Back in the air, I publicly speculated Alitalia had spare snacks on hand, for just such an occasion. But if they do, we didn't see them -- we were served only water. I took the opportunity to ask our flight attendant when they learned of the diversion. “Was it just a ruse when the cockpit said we were descending into Boston?”

“No,” he replied. We learned we were landing in Bangor right after that announcement.”

When we finally landed at Logan, I worried that we’d be subject to lengthy inspections or questioning at customs. At this point I really just wanted to go home. Other passengers were trying to catch connections. But the lines moved pretty quickly, and the only questions I was asked came from the Boston news stations.

The reporters were angling for the frustration angle – why not check the passenger lists before the flight leaves? While that sounds well and good (though is apparently technically difficult) I’m more confused about other aspects of the way this emergency was handled: The location to which we were diverted, and the apparent lack of concern after the suspect was removed.

The no-fly list is reserved for those with known or suspected links to terrorism, or other “threats to aviation.” This man was considered enough of a risk to scramble escort jets from Canada and the US, and enough of a risk to divert us to the nearest US airport available to a 767. On other occasions, however, the US has refused international planes carrying no-flyers, forcing diversions to Canada. And we were over Canada for a good long while.

I’ll try to guess what Homeland Security was thinking: since Flight 618 had made it across the Atlantic without incident, the risk of the suspect trying something between Canada and Bangor was apparently not worth bringing the plane that early, and maybe the US wanted custody of the suspect. But the risk of him flying into Boston was too great. OK, I can buy that. So the plane was diverted to Bangor, and the suspect removed. But, his carry-on and jacket are left behind for at least fifteen minutes (I didn’t see if when or if they were taken off the plane). The luggage compartment was checked for over thirty minutes to find and remove his items, while 200 or so passengers are kept on board.

Why is this man considered such a risk to Boston, but his suitcases and personal items are considered no risk to the passengers?

I don’t know. Maybe the authorities have their secret reasons, but I’m not so sure. This is the second such diversion in a week, and there’s been no announcement about improving the existing system, despite complaints from a Massachusetts congressman and hundreds of inconvenienced passengers.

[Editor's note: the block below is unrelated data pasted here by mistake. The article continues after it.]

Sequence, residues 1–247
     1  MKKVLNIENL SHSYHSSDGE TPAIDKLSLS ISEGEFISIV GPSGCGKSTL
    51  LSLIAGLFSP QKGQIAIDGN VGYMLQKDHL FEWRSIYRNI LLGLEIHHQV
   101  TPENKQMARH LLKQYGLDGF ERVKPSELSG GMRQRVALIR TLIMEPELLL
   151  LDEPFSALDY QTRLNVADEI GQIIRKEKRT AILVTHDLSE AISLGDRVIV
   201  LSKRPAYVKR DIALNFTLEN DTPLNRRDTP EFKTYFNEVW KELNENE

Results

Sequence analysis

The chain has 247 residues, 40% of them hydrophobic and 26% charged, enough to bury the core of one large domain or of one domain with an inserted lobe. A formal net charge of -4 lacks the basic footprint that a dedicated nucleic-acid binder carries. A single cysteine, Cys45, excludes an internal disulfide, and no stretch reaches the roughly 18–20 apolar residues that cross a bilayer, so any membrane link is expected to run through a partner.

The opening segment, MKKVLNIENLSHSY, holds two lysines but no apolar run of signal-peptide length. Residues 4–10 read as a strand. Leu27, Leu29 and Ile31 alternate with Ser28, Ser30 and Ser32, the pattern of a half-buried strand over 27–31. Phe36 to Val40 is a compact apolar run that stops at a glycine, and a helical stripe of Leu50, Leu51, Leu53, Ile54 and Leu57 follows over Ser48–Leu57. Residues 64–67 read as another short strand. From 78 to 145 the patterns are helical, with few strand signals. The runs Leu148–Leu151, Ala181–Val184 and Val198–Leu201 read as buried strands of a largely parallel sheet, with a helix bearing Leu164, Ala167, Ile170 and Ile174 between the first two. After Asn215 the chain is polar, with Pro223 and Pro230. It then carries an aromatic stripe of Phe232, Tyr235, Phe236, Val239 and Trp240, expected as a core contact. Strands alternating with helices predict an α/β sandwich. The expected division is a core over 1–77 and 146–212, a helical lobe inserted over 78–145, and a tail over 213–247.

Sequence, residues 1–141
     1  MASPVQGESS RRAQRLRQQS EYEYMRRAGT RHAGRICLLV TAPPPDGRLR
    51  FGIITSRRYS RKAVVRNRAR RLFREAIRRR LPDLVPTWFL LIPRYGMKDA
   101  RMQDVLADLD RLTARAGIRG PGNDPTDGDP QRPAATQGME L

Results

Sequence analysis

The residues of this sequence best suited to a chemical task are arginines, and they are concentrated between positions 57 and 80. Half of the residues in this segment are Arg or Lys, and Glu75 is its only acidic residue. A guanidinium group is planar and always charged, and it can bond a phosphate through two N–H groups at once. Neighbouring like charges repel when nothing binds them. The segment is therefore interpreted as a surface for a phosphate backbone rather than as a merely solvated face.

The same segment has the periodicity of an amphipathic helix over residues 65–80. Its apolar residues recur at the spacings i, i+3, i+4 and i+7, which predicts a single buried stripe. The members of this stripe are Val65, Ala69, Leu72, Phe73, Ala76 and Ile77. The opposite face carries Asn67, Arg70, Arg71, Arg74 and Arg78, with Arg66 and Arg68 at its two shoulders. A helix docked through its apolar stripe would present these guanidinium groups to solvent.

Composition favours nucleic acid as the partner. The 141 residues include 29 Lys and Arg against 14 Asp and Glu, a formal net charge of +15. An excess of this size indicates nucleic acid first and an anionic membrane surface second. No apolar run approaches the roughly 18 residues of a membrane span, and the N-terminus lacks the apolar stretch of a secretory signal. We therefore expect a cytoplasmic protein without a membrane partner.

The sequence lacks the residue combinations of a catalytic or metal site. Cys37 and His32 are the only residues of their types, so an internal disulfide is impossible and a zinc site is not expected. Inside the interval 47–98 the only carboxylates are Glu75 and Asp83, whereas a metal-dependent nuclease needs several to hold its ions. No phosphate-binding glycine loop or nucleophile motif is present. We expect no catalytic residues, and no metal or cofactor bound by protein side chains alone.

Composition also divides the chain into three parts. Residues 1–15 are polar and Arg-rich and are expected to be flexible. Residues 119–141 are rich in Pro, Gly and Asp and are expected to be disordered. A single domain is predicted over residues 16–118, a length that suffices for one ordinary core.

What I did learn from this experience:
  • Window seats aren’t just for fun anymore, they're educational.
  • Mom is more media-savvy than I give her credit for.
  • If the in-flight movie is dull, maybe something else will enliven the trip.
  • The Smooth Retsina

    Posting will be light the next few weeks. I'm, well, globe-trotting again.

    Second Helping

    I set up a draft of this post a week ago, it's probably a little outdated by now. But I thought this news about how the CDC changed its calculation for obesity's lethality was still worth mentioning:
    According to the new calculation, obesity ranks No. 7 instead of No. 2 among the nation's leading preventable causes of death.

    The new analysis found that obesity - being extremely overweight - is indisputably lethal. But like several recent smaller studies, it found that people who are modestly overweight have a lower risk of death than those of normal weight.

    Biostatistician Mary Grace Kovar, a consultant for the University of Chicago's National Opinion Research Center in Washington, said "normal" may be set too low for today's population. Also, Americans classified as overweight are eating better, exercising more and managing their blood pressure better than they used to, she said.

    We blogged a lot about this inflated figure, last year. Whatever the statistics say, I'm traveling a country now where the figures are not so inflated, and the difference is noticable.

    And I'm particularly surprised by the data on protective effects of mild obesity. I really ought to look at the JAMA article and figure out how they're calculating this. Are they just weighing the recently deceased? Because a lot of time, you know, people lose some weight in the months before they die. Or, they take on a lot of water weight, possibly moving them into morbidly-obese classification.

    In any case, obesity is still epidemic in the US, and I think the public knows it's not healthy. It's not helpful when the CDC manufactures hysteria to try to further educate people. Because then, we risk these consequences:
    LOS ANGELES (Reuters) - A group backed by the U.S. food and restaurant industries on Monday launched an advertising campaign aimed at dismissing as hype concerns about the large number of obese Americans.

    The full-page ads in major U.S. newspapers were inspired by new government data questioning government assertions that obesity causes nearly as many deaths as smoking, according to the Center for Consumer Freedom, which paid for the ads.

    The group, based in Washington, does not disclose names of its donors, though spokesman Mike Burita said casual dining restaurant chains "are predominant sources of funding for us."

    A spokesman for Darden Restaurants Inc., the nation's largest casual dining company and owner of the Red Lobster and Olive Garden chains, could not say whether Darden was among contributors to the group.

    At the Olive Garden, they treat you like family. But, then again, so does La Casa Nostra.